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TOP500: GAUSS Supercomputers are the Fastest in Germany

Thanks to decisive expansion, 1st place in Europe will be achieved in autumn

[27. Juni 2007]

Jülich / Dresden, 27 June - In the TOP500 list published today, which contains the fastest computers in the world, the German Gauss Centre for Supercomputingis up there with the best. The HLRB-II supercomputer in the LeibnizComputer Centre is the fastest computer in Germany and number 10 in the world. Research Centre Jülich holds 2nd place in Germany with its JUBL supercomputer and 18th place worldwide. Research Centre Jülich has set itself the goal of installing a supercomputer with 220 teraflops by autumn, which will see it become the number 1 in Europe and achieve a place amongst the top three in the world. The delivery contract was signed last Monday. Together, the partners of theGauss Centre for Supercomputing want to build one of the planned European supercomputing centres in Germany by 2009.

The HLRB-II supercomputer has a computing power of 62 teraflops, in other words, it processes 62 trillion arithmetic operations per second. Taken as a whole, Research Centre Jülich boasts two of the 24 German supercomputers that feature amongst the fastest 500 computers in the world. JUBL (Jülich Blue Gene/L) has a computing power of around 46 teraflops, while JUMP (Jülich Multi Processor) boasts around 9 teraflops. They are available to around 200 research groups in Europe and perform simulations and compute models from all research areas: from materials science and particle physics to medicine and environmental research. The third Gauss partner, HLRS, has a supercomputer with 12 teraflops and is listed as 108th in the world.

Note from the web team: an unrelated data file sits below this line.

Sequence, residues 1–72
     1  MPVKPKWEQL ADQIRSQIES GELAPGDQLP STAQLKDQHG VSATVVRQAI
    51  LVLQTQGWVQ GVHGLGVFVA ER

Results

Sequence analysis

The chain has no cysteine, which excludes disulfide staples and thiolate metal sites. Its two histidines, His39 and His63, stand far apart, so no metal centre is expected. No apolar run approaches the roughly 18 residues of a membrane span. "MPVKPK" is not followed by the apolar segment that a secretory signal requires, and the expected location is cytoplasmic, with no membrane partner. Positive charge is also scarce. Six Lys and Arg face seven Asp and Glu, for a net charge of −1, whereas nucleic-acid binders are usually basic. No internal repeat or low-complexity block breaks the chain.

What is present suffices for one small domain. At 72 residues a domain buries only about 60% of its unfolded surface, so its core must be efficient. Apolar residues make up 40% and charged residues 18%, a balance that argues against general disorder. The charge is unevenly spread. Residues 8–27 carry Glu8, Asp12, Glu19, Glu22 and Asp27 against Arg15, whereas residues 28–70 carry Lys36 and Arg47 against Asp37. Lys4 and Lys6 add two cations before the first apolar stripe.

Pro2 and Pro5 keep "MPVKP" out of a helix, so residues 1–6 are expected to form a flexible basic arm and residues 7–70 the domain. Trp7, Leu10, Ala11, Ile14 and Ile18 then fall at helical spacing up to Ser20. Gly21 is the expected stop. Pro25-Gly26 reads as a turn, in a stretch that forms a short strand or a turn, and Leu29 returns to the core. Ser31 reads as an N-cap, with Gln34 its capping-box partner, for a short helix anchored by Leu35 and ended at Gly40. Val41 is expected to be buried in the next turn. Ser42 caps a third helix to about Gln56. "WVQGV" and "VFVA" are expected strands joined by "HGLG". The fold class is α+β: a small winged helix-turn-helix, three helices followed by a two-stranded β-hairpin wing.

The contract for the computer due to arrive this autumn was signed by Achim Bachem, Chairman of the Board of Directors of Research Centre Jülich, and Martin Jetter, CEO of IBM Germany, last Monday in Jülich. With a computing power of over 220 teraflops (220 trillion arithmetic operations per second), the computer would sit in 2nd place in the current TOP500 list, just behind its similarly constructed brother in Livermore, USA. In Jülich in autumn, 65,000 processors will be in operation connected through an extremely efficient communication network of the latest generation. Blue Gene supercomputers stand out as a result of their compactness and energy efficiency. They use less than a tenth of the power required by similar computers. When IBM delivers the supercomputer, the Research Centre will become one of the first places worldwide to have a Blue Gene/P system.

The powerful computer will be housed in 16 compact presses, each around the size of a telephone booth, in the computer room in Research Centre Jülich, where its predecessors JUMP and JUBL will continue to be kept. This will mean there will be a suitable computer available for every scientific task. Researchers in Jülich will receive support through a sophisticated three-tier system of contact people and experts. Only when it is eventually put into operation will its administrators give the new computer a name as they did its predecessors JUBL and JUMP.


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Press Contact:

Kosta Schinarakis
Science journalist, Corporate Communications
Research Centre Jülich
52425 Jülich, Germany
Tel. 49 2461 61-4771, Fax 49 2461 61-4666
Email: k.schinarakis@fz-juelich.de


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